Robert And Shauna Valentine</i>
James Valentine is guitarist for Maroon 5, which won Best New Artist at the Grammy Awards.<BR> His parents live in Highland.

PROVO — What do Alicia Keys, Diana Ross and Shauna Valentine have in common?

They all went to the Grammys— but Valentine was there to support her son.

Invited as a "date," the Highland resident attended the swanky awards ceremony in February to support James Valentine, her 26-year-old son and guitarist in the band Maroon 5, which won Best New Artist.

"I met Jessica Simpson's father," Shauna Valentine said with a laugh. "I was not the only parent there."

Shauna Valentine and her husband Robert lead quiet lives as a Brigham Young University administrator and professor, respectively. But now they're parents to a family-practice doctor, a homemaker, a sports therapist — and a rock star.

Although the brushes with fame are new, the Valentines said they've always known their son would go somewhere with music. "Music was always his love," Shauna said. "That's what got him where he is today."

James grew up going from piano lessons to drum lessons to guitar lessons. He was inspired by his older brother Christopher, who jammed with his own band as James watched from the basement stairs. James said he also listened to Christopher's tapes, drawing inspiration from Pink Floyd and Rush.

After getting his first guitar at age 13 and passing through a Nirvana/Pearl Jam/grunge phase in junior high school, James said his later teen years were spent listening almost exclusively to instrumental jazz music. Because of his love of jazz and his constant practicing, he was even invited to play in the University of Nebraska Jazz Ensemble while he was still in high school.

"As I got older, more people told me that I was pretty good," James said by phone while backstage before a performance at Radio City Music Hall in Manhattan.

While his family encouraged him, they still talked about the impracticality of a music career. But after winning a national battle of the bands competition in Los Angeles in 2000, James decided to give the musician's life a chance.

While there, he met up with four native Angelenos in a band called Kara's Flowers. When James joined as the guitarist, the group switched names to the now-famous Maroon 5. Soon, music mogul Clive Davis would help get them on their feet. "I'm convinced that Clive Davis watched these guys to see if they were goof-offs, druggies, womanizers," said Robert Valentine. "He wasn't going to invest in a bunch of nincompoops." Shauna added, "They're all serious musicians."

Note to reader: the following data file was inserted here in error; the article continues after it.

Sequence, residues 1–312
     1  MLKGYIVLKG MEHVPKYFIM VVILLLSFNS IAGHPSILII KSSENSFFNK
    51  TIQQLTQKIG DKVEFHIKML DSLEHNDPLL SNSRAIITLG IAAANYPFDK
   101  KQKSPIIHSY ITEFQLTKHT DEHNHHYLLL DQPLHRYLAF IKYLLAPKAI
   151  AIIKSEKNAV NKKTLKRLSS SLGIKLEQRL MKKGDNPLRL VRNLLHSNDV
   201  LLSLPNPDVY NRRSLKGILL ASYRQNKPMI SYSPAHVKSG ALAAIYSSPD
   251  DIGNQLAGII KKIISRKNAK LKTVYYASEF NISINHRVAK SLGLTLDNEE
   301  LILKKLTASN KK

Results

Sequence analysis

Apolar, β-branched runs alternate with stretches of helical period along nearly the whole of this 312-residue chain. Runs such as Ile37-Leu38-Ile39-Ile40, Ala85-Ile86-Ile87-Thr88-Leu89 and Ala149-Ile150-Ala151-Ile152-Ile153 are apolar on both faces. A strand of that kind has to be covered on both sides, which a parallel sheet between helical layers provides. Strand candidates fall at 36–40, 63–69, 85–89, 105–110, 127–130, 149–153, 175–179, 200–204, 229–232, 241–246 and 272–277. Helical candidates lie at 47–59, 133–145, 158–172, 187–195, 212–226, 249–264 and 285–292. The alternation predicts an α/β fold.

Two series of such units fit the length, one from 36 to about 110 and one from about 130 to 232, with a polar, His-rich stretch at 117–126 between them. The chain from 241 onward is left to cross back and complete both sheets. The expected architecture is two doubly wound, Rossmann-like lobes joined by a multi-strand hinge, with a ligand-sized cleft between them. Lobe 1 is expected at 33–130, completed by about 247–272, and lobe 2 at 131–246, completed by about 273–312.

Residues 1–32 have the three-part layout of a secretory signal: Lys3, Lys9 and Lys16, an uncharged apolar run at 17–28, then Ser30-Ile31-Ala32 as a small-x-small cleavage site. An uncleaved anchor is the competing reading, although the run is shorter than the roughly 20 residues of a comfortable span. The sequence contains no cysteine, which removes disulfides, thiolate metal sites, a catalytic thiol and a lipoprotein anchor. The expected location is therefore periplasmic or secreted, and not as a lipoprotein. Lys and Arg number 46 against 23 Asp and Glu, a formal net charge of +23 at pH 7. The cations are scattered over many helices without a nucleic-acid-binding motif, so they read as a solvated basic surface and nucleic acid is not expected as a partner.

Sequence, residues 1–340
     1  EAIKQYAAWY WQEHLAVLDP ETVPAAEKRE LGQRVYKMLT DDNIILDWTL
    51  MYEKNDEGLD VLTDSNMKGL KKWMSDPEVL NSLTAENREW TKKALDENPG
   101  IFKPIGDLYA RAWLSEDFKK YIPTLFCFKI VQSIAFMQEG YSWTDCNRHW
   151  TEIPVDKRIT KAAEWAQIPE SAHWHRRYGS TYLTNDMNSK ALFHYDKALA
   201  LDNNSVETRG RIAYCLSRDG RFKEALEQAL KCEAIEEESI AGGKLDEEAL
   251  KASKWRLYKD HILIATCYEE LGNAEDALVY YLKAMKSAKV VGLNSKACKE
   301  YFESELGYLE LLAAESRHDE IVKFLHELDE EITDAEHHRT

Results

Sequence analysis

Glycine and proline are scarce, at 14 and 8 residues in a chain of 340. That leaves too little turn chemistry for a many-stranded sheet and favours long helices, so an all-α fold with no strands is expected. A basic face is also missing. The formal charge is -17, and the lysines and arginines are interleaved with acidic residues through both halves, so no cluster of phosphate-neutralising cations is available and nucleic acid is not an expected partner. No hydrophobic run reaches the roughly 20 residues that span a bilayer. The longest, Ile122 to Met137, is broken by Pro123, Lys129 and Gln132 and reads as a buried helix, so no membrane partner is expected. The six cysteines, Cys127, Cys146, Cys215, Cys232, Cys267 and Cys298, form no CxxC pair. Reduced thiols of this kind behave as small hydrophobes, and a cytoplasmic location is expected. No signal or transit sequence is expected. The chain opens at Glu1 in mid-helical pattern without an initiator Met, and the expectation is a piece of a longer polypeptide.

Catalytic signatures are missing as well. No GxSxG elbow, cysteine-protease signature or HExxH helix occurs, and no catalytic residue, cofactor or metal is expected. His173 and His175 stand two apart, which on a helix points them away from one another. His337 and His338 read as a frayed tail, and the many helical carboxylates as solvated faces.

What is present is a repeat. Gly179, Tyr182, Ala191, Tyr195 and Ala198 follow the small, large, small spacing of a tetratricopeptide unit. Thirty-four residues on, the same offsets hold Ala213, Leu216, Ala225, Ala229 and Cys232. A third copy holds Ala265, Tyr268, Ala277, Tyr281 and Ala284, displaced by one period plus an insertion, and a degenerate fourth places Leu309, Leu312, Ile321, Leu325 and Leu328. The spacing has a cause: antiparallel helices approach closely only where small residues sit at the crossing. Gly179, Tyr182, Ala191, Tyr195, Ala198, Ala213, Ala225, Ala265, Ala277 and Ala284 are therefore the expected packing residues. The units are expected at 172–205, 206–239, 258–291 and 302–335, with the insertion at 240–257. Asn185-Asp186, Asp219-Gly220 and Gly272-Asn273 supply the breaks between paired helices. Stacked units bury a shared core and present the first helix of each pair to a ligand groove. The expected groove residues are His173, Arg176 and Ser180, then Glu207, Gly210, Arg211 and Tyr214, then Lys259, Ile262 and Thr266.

The investment has certainly paid off. Maroon 5's 2002 album "Songs About Jane" has gone platinum three times, with four of the songs — "Harder to Breathe," "This Love," "She Will Be Loved" and "Sunday Morning" — becoming hit singles.

Now, the road to fame seems smooth, but looking back, Robert said he remembers when James and the Maroon 5 guys — lead vocalist Adam Levine, keyboardist Jesse Carmichael, bass player Mickey Madden and drummer Ryan Dusick — were driving around in an old Ford van with the seat removed and a mattress on the floor. He said they each took turns driving and sleeping and loaded up their own equipment into the U-Haul they towed behind the van.

Thanks to increased popularity — and funds — Maroon 5 now has three buses, a few semi-trailer trucks, and a personal trainer, chef and stylist. Robert Valentine says the added personnel helps the band members stay grounded, as they try to stay in shape and eat well — often a difficult task for traveling musicians.

Maroon 5 is in the middle of the Honda Civic Tour 2005, weaving through Canada and the United States before heading to Denmark, Germany and Paris in June.

Like a typical mother, Shauna Valentine frequently checks in via phone to see how her son is doing. "I asked him if (he was) getting sick of it. He said, 'No, our numbers are so big — we get out there and it just energizes us.' "

While James Valentine is traveling the country, his mom and dad are in Highland, their new home since July 2005, after moving from Lincoln, Neb., where James grew up.

When he comes home, James is sure to visit with the nieces and nephews, says Provoan Lisa Valentine, James's older sister. The band even lets her four children dance around during sound checks. "My kids just love to climb all over him," she said, adding that fame hasn't changed him. "He's the same James he's always been. A really down-to-earth guy."

So, for now, the family will keep listening for Uncle James' music on the radio.

Ask about favorites, and Robert Valentine says "Sunday Morning." It reminds him of New York.

Shauna Valentine is partial to "Tangled," because she got to hear the band work on it in the recording studio.

Although James says his favorite song changes frequently, he loves playing "This Love." "It's weird. We've been playing these same songs for so long, (but we) keep finding new ways to make them a little better."

With a new album in the works, there will be more opportunities for chart-climbers and show-stoppers. And a growing fan base doesn't hurt, Robert Valentine joked. "I remember (James) saying, 'This is a great way for a nerd like me to meet girls.' "